Life on Mars

Science journalist Kate Greene was selected by Nasa to survive for months in a biodome simulating the Red Planet’s unearthly conditions

People 6 Apr 2021

Scientists are keen to study the climate on the red surface of Mars

Humans have been fascinated by the idea of life on Mars ever since we discovered the Red Planet. The concept of little green men is a staple of 20th-century pulp sci-fi, we’ve imagined a face in its surface topography, while in the 1970s, on the back of the Cold War ‘space race,’ musicians – notably David Bowie, but there were plenty of others – speculated on the question to the accompaniment of squelchy synthesizer soundscapes. But we’ve never investigated the practicalities of what it would be like to actually live there. That’s because, says American writer, journalist and almost-astronaut Kate Greene, we’ve always been more preoccupied with the technicalities of how to get there. The rockets. The engines. The fuel. The computational orbital mechanics.

The geodesic dome
The geodesic dome

Greene is one of the few people on this planet qualified to pass comment on the subject with any authority. Having lived, slept and worked in a simulated Martian environment for four months as part of Nasa’s first Hi-Seas mission, she has gained an insight into what exploring our neighbouring planet might be like. And she’s gathered her thoughts together in her latest book – Once Upon a Time I Lived on Mars – that has been eight years in the works. ‘The mission was in 2013,’ she says, ‘but it took me a long time to make sense of what happened.’

On the surface, at least, the ‘analog’ (as the astronauts term this type of training) looks easy enough: you pass a stringent selection process (Greene fought off 700 candidates for her berth on the mission), then go and live in a geodesic dome located on the distinctly Martian slopes of Hawaii’s Mauna Loa volcano in the middle of the Pacific Ocean. Look a little deeper and the science masks months of boredom, isolation, repetition and irritation.

Crew member Dr Oleg Abramov stands in a space suit in the Hi-Seas Mars simulation
Crew member Dr Oleg Abramov stands in a space suit in the Hi-Seas Mars simulation

Greene is not what you might call a typical astronaut. These days, the former laser physicist and expert on ‘Big Data’ is more likely to describe herself as a poet than a tech nerd. This may seem light-years from the traditional hero image of space explorers of the 1960s, when astronauts on the Apollo programme tended to be clean-shaven, all-American, 30-something white men with engineering or military backgrounds, preferably both. ‘You can see why,’ says Greene. ‘Back then Apollo’s mission was to get to the moon, so the astronauts were part of the process, part of the engineering. You only had to survive for a few days, and so it was all about efficiency.’ But going to Mars is different. With the round trips potentially taking years, simply tolerating the conditions while getting the job done needs to make way for ‘quality of life for the astronauts. You’re going to be away from home for a long time, and so you’ve got to think about things like your mental well-being and what you’re going to eat.’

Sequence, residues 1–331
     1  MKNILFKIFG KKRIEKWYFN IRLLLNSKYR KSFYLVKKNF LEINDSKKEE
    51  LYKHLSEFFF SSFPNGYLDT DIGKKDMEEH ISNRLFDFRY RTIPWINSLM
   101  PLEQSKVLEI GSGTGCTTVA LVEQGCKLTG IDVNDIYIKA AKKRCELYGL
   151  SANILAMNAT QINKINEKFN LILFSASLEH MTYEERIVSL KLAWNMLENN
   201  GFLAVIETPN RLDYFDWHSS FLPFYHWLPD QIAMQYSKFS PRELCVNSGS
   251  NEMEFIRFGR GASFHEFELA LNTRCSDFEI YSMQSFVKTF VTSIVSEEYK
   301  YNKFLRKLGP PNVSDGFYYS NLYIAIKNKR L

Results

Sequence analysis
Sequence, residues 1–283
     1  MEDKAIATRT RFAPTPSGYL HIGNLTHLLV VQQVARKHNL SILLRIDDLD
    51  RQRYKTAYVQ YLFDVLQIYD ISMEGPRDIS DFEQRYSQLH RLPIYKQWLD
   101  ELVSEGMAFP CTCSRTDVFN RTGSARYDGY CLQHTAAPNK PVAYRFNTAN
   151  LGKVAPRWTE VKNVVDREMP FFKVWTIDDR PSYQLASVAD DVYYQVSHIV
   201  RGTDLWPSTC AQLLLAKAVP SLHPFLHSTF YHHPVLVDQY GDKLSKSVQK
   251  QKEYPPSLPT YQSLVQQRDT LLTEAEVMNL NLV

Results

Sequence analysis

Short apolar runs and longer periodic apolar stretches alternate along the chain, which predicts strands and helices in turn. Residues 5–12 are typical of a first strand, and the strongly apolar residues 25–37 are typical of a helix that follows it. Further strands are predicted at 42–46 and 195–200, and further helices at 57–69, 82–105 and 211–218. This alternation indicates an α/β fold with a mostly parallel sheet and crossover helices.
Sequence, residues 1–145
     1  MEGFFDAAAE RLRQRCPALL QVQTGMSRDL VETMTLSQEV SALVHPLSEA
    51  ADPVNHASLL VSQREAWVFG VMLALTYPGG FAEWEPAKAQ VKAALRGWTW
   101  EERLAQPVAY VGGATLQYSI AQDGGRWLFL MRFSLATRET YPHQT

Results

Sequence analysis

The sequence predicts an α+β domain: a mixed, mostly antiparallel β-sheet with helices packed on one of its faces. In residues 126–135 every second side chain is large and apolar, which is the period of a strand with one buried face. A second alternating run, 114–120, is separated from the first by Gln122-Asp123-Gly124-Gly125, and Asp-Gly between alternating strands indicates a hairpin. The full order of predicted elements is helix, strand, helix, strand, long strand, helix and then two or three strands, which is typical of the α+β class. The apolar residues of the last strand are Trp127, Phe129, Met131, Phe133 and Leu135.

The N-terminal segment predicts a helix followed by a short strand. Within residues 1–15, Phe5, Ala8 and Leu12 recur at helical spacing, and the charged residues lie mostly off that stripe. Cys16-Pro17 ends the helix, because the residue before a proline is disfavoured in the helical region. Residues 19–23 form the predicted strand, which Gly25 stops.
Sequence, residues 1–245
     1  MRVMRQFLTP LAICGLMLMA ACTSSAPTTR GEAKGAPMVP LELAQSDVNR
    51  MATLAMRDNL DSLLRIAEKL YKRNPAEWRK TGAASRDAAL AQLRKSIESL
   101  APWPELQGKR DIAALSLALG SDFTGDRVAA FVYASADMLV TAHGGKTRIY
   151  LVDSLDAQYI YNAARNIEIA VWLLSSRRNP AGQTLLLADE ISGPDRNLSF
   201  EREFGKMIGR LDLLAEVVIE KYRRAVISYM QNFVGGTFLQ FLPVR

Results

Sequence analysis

Life on the volcano wasn’t a typical Hawaiian vacation, says Greene. Perched 8,000 feet up on a red rocky surface, her existence, ‘was very Mars. We had limited electricity and water, zero access to fresh fruit or vegetables. We could only leave the dome wearing bulky, cumbersome space suit-like outerwear.’ Stripped of electronic devices and social media, reduced to bathing with wet wipes, breathing recycled air and living without real sunshine, life on Mars was rudimentary and challenging. ‘Our sole regular contact with Earth was through email. Since Mars is extremely far away and photons can only fly so fast, our email transmissions were delayed by 20 minutes each way to mimic the communication lag to be experienced by Martian explorers.’ Despite which, Greene tells me from her tiny apartment in New York, ‘It was easier to cope with than the Covid lockdown thing. In space you know the physics of how you’re going to die,’ she says, referring to the strict protocols for throwing a fellow astronaut ‘overboard’ in mission-critical scenarios. ‘All this,’ she says waving her hand vaguely at the Big Apple, ‘is kind of mushy. It doesn’t make any sense.’

Kate Greene's book about her experience, Once Upon A Time I Lived On Mars
Kate Greene’s book about her experience, Once Upon A Time I Lived On Mars

The Hi-Seas ‘analog’ was just that, says Greene. A simulation in which she always knew that there were never going to be the sort of life-or-death scenarios that could face astronauts at least 30 million miles from home (the exact distance between Earth and Mars varies wildly with time, as they are on different orbits around the sun). She never found it particularly difficult to get on board with the idea that she was an ‘almost-astronaut’ on Mars, and ‘things got pretty normal quite fast, though of course there’s really nothing normal about six adults making believe they live on another planet’.

‘Life on Mars changed me,’ says Greene, remembering her profound adjustment issues on her return to Earth. Loud noises startled her. It took days to get used to the breeze on her skin again. It changed the way she thought about space travel, her life on Earth and other people. ‘I never saw with as much clarity as
I did in those first few weeks immediately after the mission ended.’

Once Upon a Time I Lived on Mars by Kate Greene (£14.99, Icon Books)